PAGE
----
This morning, a co-worker informed me that his sister, who has been fighting cancer for some time, has only a month left to live. Possibly three if all goes well with her chemo. The cancer, which began in her lungs, has spread throughout her body and taken up prominent residence in her brain, where it’s set up shop, picked out china patterns, and redone the wallpaper.
It’s a terrible thing, fighting a losing battle, but it’s not the cancer I’m referring to. It’s the reflection on everything that came before. The regrets. The life that should have been, but somehow never manifested while there was still time.
Yeah, I know this isn’t my usual light-hearted fare, stuffed with Ninja Turtle references, dry humor, and a dollop of sarcasm, but stick with me. I’ll try to make it worth your while.
The Life That Should Have Been
When facing the end of a journey, any journey, you can’t help but look back on it and reflect. Sure, there are good memories. A good meal, an evening with friends, a smile from a pretty girl that you’re mostly sure wasn’t patronizing. But we don’t focus on those things. They’re still there and we can remember them when we make the effort, but they’re not the focus.
Instead, too many people look back and see only the missed opportunities, the mistakes, the things they should have done now that they’re older, hopefully a bit wiser, and have a few more XPs than they did when they started out.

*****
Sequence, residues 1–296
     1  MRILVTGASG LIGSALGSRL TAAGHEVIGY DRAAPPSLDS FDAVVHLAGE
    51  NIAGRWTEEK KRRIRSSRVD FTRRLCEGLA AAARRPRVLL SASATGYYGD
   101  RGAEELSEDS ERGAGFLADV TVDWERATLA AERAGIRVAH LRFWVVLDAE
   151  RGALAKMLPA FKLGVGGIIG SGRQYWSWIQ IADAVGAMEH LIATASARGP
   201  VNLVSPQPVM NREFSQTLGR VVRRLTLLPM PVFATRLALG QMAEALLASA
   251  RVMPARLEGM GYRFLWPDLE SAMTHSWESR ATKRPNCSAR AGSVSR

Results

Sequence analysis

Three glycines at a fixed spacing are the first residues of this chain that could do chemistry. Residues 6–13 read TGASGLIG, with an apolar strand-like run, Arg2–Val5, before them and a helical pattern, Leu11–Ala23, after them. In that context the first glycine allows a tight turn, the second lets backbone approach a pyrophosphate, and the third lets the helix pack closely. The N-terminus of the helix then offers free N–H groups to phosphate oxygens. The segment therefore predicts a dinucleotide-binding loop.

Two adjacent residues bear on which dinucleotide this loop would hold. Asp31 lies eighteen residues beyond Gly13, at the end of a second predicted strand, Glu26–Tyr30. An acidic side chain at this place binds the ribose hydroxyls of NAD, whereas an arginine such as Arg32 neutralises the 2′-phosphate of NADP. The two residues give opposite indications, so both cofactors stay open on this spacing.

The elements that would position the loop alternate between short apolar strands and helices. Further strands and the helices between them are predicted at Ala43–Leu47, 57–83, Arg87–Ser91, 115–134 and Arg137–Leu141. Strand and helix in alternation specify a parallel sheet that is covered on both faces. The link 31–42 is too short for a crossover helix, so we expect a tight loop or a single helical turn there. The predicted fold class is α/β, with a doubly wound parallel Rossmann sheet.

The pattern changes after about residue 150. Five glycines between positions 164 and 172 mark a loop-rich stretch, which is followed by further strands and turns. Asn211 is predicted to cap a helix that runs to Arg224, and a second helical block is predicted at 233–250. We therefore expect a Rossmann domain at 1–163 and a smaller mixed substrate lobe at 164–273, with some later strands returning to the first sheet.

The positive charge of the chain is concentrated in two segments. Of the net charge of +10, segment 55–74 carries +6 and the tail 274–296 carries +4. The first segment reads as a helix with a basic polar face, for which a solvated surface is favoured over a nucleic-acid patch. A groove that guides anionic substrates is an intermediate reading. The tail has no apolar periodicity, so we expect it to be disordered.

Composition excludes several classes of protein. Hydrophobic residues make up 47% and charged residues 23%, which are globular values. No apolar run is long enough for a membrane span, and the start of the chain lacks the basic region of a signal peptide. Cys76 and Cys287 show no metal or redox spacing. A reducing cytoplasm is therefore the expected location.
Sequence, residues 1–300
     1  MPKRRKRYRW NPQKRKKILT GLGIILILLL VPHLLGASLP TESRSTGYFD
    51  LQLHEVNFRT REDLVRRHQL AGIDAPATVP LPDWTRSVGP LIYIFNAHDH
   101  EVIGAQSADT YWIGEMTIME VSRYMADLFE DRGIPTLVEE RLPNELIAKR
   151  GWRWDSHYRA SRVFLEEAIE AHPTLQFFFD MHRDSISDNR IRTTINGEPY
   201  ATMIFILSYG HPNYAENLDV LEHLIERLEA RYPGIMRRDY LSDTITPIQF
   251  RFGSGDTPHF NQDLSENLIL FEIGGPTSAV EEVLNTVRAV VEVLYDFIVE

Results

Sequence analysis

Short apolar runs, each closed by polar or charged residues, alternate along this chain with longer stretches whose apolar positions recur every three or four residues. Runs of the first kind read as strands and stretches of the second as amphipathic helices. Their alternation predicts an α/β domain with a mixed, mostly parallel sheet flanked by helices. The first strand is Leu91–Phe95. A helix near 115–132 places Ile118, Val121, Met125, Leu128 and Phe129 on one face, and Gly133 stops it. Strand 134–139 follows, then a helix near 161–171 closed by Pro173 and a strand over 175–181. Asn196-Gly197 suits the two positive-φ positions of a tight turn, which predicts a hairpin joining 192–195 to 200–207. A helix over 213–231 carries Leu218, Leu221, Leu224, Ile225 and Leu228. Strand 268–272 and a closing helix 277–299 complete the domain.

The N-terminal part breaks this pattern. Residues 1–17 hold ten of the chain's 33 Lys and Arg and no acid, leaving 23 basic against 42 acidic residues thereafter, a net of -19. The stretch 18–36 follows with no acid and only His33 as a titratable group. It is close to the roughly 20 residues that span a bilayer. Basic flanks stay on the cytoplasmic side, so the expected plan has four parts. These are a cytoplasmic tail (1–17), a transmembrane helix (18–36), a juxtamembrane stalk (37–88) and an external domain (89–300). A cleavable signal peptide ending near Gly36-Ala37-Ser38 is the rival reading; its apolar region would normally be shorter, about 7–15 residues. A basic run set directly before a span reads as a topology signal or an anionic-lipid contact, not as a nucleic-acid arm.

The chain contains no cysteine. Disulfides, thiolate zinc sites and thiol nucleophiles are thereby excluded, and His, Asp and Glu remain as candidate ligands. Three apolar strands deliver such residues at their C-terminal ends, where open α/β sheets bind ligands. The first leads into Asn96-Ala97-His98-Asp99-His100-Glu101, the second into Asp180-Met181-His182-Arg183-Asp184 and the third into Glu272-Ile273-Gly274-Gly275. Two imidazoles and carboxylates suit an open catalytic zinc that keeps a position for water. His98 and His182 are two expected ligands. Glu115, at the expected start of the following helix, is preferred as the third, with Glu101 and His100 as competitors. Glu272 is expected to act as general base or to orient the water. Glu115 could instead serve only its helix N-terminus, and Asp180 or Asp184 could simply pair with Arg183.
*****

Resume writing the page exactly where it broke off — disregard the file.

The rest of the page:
I mean, who hasn’t done something stupid like attacking the darkness and wasting their magic missile spell on a joke, then ended up with a one-way ticket through the digestive system of a storm dragon. Am I right?
The advertising executive looks back and wonders what happened to his dream to be a rock star. The rock star ponders whether his life would have been better if he’d been a doctor like his mother wanted. The doctor, unable to heal himself, dreams of a life where he’d gone into advertising and wrote jingles and got to say with no irony whatsoever, But wait, there’s more!
<EltonJohn>It’s the circle of should, and it moves us all…</EltonJohn>
Why Do We Wait So Long?
So, if we look back and see so prominently all the things we should have done, all the risks we should have taken, all the opportunities we let slip through our fingers, why didn’t we just grab them in the first place?